I’m not spoiled. When you’re the oldest of four children, one thing you are not is spoiled. As the oldest you’re expected to be perfect, and those three words that will haunt you for the rest of your life: a good example. It’s bad enough that your parents expect you to be a good example to your siblings, but other parents expect it from you too. If you’re older than their child, they expect you to be a good example and mentor to them. If you dare to misbehave, you will hear about it from multiple parents, and not just your own.
My parents believe strongly in the value of hard work. The minute we were old enough to reach the knob on the washing machine, we started washing our own laundry. The same went for making our own lunches for school, washing dishes and doing chores around the house. If you’re old enough to dirty something, you best believe you’re old enough to clean it. And if you don’t clean it right, you’ll go back and do it over. Working a part time job was also encouraged because my parents made it clear that they had no problem providing us with shelter and food and clothing, but if we wanted $50 jeans, $100 shoes, or $30 wallets on a regularly basis, we were on our own.
One area where I have been completely indulged and…spoiled…is when it comes to cooking, in particular cooking Naija food. When it comes to oyinbo food, all you need is a recipe and you’re set. And awon oyinbo know how to write a good recipe, let me tell you. Every step is written down and explained so all you need is a pair of eyes and you’ll be fine.
(Have you ever tried following a recipe for Naija food? First of all, if you can even get someone to dictate a recipe to you you’re doing well. Of course the recipe won’t have anything described in cups or teaspoons or tablespoons. Instead you’ll be told to take five double handfuls of rice, or “this much” pepper, or “enough” salt, or use a tomato the size of your fist, or enough meat for this amount of rice. Chances are if you follow the recipe exactly, you will be disappointed. Naija cooking is definitely a trial and error thing.)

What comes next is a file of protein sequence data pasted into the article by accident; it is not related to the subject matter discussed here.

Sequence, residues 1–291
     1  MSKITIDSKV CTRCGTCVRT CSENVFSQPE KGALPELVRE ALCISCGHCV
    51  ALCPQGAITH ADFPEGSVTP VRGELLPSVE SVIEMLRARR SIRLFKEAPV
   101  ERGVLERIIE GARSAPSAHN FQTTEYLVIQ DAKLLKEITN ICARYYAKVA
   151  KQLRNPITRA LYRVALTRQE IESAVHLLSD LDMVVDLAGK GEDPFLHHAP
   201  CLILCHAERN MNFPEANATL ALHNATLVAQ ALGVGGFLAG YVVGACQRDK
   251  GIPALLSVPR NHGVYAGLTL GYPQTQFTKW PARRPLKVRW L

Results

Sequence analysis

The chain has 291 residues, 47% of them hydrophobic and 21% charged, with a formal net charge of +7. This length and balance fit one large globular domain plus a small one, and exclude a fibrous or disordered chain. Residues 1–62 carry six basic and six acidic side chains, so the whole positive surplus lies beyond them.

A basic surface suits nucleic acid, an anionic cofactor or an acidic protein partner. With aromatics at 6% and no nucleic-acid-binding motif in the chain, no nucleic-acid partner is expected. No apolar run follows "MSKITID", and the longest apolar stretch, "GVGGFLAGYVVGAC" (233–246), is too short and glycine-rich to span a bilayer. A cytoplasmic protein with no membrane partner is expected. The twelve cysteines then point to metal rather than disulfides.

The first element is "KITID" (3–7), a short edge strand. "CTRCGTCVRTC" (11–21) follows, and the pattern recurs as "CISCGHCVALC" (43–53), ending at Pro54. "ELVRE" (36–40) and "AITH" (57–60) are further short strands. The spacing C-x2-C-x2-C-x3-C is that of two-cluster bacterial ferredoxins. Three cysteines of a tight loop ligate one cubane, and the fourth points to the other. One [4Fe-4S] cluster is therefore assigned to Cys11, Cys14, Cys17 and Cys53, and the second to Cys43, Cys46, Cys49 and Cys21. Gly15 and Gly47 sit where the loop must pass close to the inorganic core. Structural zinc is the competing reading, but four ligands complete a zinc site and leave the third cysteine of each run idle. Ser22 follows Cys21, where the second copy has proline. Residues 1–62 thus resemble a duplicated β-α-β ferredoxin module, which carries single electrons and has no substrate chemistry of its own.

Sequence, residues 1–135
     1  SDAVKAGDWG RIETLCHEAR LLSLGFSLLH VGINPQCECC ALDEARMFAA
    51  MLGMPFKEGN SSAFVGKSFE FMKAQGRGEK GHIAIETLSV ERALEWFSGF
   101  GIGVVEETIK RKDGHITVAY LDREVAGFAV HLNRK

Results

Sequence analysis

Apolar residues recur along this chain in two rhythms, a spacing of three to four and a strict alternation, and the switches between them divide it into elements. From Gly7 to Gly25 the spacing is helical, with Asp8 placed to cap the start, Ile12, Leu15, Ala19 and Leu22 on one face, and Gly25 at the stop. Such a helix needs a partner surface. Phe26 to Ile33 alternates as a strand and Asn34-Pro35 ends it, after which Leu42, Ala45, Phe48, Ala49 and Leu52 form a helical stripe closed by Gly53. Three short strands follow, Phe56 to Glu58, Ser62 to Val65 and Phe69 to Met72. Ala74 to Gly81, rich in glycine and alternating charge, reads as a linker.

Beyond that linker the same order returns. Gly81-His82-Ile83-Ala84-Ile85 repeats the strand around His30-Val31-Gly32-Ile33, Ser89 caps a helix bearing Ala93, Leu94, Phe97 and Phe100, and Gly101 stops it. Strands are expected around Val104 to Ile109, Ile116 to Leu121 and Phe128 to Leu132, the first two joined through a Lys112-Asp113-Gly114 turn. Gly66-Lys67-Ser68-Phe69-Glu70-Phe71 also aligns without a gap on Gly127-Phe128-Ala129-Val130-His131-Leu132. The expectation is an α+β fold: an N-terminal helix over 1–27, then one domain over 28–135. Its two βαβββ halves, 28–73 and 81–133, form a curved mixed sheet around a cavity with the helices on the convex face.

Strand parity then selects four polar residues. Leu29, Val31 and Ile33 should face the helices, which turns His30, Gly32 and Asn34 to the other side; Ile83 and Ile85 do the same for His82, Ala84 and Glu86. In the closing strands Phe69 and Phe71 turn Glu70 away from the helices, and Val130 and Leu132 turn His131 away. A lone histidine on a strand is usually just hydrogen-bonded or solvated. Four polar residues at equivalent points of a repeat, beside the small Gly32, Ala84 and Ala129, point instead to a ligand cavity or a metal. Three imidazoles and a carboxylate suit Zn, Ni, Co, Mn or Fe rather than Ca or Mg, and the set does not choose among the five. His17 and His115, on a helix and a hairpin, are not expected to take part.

But I’ve digressed:
Like most Naija moms, my mother is a fantastic cook. Everything she puts her hands on turns to gourmet quality and her soup (efo, ogbono, egusi) can make grown men weep. She loves being in the kitchen: all she needs is her tape deck (yes o! My mother still listens to her cassettes from the 80s and 90s) blasting Naija tunes and she will happily be in the kitchen cooking away for hours. There is nothing she can’t make (except puff puff or buns, and that’s a story for another day).
She tried to get me to spend time in the kitchen with her, she really tried. She would call and call me until her voice was hoarse, but between the options of spending time in the kitchen or curling up and reading a book, or, in recent years, being online, it’s was always a no-brainer for me: I’d rather be anywhere but the kitchen.
(Unless the food is ready, sha. *ahem*)
(ButI can clean a kitchen like it’s nobody’s business so it’s a good trade.)
So, because of this, I never really learned to cook Naija food, though I have a general idea of what is needed for most Naija food because I have started hanging around the kitchen in the last few years. I have never prepared anything more complicated than jollof rice though and even then I don’t think I did the whole thing by myself. I can officially boil white rice but that’s it.
I know I should be ashamed of this because whenever someone (usually my parents’ friends or a Naija guy) hears this, they behave as if they’re about to have a coronary. Yup, I have never made a soup. I have never used a blender to make anything more complicated than a smoothie. I know how to make lots of things in theory but have never made them. This of course makes everyone shake their head and say “How will you ever find a husband?”
(Hmm, maybe they’re on to something…)
I’m not ashamed (yet) because I don’t think it’ll be hard to pick up the skills once I’m on my own and I have to cook food or die of starvation (I do not enjoy suffering so you best believe I’ll pick up the skills kia kia!). I think I’ll have to start a new blog chronicling my adventures in cooking Naija food when the time comes.
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